Delaware Attorney General Kathy Jennings announced Wednesday that Intuit Inc., the company behind online tax filing software TurboTax, will pay more than $400,000 to low-income Delaware residents who were deceived by the company.
The settlement comes as part of a $141 million agreement between the attorneys general of all 50 states, the District of Columbia and Intuit.
Intuit must also suspend TurboTax’s “free, free, free” ad campaign, which Jennings said lured customers with promises of free tax preparation services, only to deceive them into paying for services.
“Intuit benefited from a special agreement with the U.S. government to provide free tax services to low-income consumers nationwide, all while preventing Delawarean consumers from taking advantage of those free services,” Jennings said. “Intuit engaged in deceptive and unfair tactics to hide access to free services and to instead promote its own profit-generating tax filing products instead.”
Jennings said Delawareans who struggle to put food on the table shouldn’t be tricked into paying for tax preparation services they don’t need.
“My office will continue to protect consumers statewide and be on the lookout for businesses who seek to take advantage of them,” she said.
An investigation into Intuit began after ProPublica reported that the company was using deceptive digital tactics to steer low-income consumers toward its commercial products and away from federally-supported free tax services.
Intuit has offered two free versions of TurboTax. The first was through its participation in the IRS Free File Program, a public-private partnership with the Internal Revenue Service which allows taxpayers earning roughly $34,000 and members of the military to file their taxes for free.
In exchange for participating in the program, the IRS agreed not to compete with Intuit and other tax-prep companies by providing its own electronic tax preparation and filing services to taxpayers.
Intuit also offers a commercial product called “TurboTax Free Edition,” which is only free for taxpayers with “simple returns” as defined by Intuit.
In recent years, Jennings says TurboTax has marketed the “freemium” product aggressively, including through ad campaigns where “free” is the most prominent or sometimes the only selling point.
In some ads, the company repeated the word “free” dozens of times in as short as 30 seconds. However, the TurboTax “freemium” product is only free for approximately one-third of US taxpayers. In contrast, the IRS Free File product was free for 70 percent of taxpayers.
The multistate investigation found that Intuit engaged in several deceptive and unfair trade practices that limited consumers’ participation in the IRS Free File Program.
The company used confusingly similar names for both its IRS Free File product and its commercial “freemium” product, Jennings said.
Intuit bid on paid search advertisements to direct consumers who were looking for the IRS Free File product to the TurboTax “freemium” product instead. Intuit also purposefully blocked its IRS Free File landing page from search engine results during the 2019 tax filing season, effectively shutting out eligible taxpayers from filing their taxes for free.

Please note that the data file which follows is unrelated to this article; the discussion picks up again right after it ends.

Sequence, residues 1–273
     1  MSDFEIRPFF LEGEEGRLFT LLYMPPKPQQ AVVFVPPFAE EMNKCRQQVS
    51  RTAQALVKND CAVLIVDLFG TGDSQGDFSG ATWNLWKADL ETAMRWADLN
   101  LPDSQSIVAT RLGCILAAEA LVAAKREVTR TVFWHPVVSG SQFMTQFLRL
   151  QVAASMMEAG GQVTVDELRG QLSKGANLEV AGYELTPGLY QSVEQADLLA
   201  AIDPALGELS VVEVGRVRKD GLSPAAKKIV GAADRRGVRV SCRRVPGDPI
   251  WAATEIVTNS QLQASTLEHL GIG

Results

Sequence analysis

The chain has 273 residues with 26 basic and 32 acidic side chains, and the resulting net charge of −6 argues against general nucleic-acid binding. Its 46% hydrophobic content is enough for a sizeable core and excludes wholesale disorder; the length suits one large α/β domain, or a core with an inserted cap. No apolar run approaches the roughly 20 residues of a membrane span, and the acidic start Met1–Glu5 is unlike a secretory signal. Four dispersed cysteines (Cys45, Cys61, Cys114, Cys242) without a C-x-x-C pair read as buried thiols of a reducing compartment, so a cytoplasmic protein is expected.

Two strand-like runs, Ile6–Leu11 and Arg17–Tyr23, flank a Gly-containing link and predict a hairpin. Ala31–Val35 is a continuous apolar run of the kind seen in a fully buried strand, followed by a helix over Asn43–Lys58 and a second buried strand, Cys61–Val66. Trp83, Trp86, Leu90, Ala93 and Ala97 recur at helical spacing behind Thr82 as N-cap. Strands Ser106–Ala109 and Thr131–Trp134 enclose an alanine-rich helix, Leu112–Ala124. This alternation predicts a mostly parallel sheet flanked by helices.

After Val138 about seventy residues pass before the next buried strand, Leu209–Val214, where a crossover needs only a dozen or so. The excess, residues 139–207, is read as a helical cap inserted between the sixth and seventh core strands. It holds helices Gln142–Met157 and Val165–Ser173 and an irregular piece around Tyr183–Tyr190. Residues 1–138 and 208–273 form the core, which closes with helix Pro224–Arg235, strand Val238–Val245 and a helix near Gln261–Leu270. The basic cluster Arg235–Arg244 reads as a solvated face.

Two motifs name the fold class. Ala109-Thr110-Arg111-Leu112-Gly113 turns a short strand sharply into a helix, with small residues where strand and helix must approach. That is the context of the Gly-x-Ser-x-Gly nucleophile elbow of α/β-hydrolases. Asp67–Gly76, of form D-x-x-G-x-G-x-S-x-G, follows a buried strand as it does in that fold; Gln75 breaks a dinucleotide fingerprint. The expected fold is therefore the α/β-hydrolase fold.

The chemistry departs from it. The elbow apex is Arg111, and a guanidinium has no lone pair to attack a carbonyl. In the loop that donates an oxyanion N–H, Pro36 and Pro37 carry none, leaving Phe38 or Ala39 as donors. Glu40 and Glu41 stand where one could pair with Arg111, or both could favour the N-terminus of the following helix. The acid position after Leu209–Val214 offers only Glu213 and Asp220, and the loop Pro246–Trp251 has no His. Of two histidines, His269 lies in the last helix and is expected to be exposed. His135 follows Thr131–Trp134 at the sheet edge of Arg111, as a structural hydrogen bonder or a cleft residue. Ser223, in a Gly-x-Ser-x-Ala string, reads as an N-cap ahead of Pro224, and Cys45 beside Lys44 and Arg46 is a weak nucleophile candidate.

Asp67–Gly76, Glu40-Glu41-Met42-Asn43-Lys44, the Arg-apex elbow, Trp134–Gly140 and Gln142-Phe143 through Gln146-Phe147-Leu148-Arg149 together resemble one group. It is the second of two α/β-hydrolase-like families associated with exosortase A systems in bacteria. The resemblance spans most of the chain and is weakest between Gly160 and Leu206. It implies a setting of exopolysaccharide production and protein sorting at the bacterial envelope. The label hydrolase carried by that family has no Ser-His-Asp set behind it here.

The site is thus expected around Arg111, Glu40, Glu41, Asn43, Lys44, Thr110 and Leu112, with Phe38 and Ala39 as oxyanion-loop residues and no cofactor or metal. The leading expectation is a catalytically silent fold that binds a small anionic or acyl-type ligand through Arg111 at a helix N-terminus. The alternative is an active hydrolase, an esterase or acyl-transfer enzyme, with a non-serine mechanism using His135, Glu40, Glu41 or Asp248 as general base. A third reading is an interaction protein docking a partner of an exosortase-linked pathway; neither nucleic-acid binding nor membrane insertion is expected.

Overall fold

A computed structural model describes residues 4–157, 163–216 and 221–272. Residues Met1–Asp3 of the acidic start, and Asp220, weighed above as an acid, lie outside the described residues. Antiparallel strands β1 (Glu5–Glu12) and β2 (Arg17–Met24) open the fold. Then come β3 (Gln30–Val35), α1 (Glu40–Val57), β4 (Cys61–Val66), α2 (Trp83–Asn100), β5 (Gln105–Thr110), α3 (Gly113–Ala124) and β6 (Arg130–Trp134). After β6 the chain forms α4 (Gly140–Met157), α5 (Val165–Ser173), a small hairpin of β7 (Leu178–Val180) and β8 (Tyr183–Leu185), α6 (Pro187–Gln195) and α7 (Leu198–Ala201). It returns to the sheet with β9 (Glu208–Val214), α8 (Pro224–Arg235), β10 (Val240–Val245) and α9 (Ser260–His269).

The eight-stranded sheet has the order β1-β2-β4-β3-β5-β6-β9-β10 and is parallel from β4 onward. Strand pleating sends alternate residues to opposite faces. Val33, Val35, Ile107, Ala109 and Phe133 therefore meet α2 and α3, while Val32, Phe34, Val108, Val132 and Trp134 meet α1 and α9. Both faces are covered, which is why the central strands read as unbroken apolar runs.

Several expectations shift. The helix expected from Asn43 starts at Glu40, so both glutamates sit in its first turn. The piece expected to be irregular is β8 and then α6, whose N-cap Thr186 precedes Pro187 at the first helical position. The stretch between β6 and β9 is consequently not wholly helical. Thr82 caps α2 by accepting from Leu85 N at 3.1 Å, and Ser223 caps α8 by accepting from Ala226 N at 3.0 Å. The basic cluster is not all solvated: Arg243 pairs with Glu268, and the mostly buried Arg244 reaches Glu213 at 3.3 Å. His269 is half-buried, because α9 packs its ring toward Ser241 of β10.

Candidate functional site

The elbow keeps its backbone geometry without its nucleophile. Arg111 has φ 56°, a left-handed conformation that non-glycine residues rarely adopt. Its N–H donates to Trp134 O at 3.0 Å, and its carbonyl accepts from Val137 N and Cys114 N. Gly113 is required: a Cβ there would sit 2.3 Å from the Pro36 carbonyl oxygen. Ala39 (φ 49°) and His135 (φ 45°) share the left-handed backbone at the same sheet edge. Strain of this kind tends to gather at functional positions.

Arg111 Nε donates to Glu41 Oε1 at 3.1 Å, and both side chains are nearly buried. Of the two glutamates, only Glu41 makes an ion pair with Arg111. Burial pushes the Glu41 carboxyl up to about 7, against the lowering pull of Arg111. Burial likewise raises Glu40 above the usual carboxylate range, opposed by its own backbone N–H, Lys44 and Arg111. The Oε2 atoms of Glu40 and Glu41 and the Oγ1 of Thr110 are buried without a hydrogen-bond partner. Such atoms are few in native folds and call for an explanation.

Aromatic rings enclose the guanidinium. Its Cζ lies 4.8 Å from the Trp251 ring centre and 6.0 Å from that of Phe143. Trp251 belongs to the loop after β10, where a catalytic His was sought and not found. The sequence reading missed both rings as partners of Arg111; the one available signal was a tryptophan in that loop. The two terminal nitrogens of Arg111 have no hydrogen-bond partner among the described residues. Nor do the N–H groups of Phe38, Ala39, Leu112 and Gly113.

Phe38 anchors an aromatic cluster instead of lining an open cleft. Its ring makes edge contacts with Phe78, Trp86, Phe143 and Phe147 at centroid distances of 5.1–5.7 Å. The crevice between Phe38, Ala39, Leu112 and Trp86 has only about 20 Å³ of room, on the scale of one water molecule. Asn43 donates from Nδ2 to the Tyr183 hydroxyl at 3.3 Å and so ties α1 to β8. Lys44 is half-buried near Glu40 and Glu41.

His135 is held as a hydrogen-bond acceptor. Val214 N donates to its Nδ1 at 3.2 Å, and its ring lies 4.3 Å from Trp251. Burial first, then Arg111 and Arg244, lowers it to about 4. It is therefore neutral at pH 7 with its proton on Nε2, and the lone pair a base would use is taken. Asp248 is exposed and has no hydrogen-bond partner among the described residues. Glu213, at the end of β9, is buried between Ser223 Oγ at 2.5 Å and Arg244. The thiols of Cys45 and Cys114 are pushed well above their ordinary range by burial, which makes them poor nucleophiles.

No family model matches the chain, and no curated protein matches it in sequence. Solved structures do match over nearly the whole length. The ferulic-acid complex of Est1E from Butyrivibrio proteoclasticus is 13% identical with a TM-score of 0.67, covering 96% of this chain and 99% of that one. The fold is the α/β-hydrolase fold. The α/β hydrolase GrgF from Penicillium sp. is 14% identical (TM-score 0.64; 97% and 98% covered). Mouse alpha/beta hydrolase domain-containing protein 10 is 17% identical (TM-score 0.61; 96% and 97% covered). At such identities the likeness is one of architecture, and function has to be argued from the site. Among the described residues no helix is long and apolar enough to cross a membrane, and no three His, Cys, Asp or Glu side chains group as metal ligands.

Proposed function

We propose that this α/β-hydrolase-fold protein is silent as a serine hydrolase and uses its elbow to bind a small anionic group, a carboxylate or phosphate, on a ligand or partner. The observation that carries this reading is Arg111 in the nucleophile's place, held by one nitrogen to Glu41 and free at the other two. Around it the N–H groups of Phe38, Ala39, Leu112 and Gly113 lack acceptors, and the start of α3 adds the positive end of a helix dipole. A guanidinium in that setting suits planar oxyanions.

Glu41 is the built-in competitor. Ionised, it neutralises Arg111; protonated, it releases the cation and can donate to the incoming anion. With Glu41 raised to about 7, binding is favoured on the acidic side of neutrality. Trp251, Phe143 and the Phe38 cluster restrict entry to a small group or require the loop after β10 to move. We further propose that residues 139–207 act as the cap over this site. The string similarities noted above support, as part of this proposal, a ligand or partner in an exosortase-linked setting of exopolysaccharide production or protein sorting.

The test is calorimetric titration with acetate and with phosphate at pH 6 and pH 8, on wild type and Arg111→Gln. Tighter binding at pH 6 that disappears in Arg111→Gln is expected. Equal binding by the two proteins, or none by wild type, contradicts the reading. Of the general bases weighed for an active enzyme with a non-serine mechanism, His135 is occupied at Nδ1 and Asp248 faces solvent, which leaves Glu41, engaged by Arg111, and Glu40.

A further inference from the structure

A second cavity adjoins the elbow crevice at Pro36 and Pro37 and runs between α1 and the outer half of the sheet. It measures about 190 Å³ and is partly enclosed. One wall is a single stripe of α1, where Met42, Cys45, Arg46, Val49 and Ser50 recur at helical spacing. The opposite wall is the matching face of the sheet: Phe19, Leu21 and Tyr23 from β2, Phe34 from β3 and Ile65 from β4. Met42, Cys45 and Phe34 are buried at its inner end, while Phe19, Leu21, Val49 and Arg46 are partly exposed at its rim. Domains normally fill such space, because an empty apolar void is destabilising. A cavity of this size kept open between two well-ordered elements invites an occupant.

TurboTax’s website included a “Products and Pricing” page that stated it would “recommend the right tax solution,” but never displayed or recommended the IRS Free File program, even when consumers were ineligible for the “freemium” product.
Under the agreement, Intuit will provide restitution to millions of consumers who started using TurboTax’s Free Edition for tax years 2016 through 2018 and were told that they had to pay to file even though they were eligible to file for free using the version of TurboTax offered as part of the IRS Free File program.
Consumers are expected to receive a direct payment of approximately $30 for each year that they were deceived into paying for filing services. Impacted consumers will automatically receive notices and a check by mail.
Intuit has also agreed to the following reforms to its business practices:
- Refraining from making misrepresentations in connection with promoting or offering any online tax preparation products;
- Enhancing disclosures in its advertising and marketing of free products;
- Designing its products to better inform users whether they will be eligible to file their taxes for free; and
- Refraining from requiring consumers to start their tax filing over if they exit one of Intuit’s paid products to use a free product instead.
Intuit withdrew from the IRS Free File program in July 2021.
The matter was handled for the Delaware Department of Justice by its Consumer Protection Unit.
This is a republication of a press release from the Delaware Department of Justice. It has been edited for clarity.
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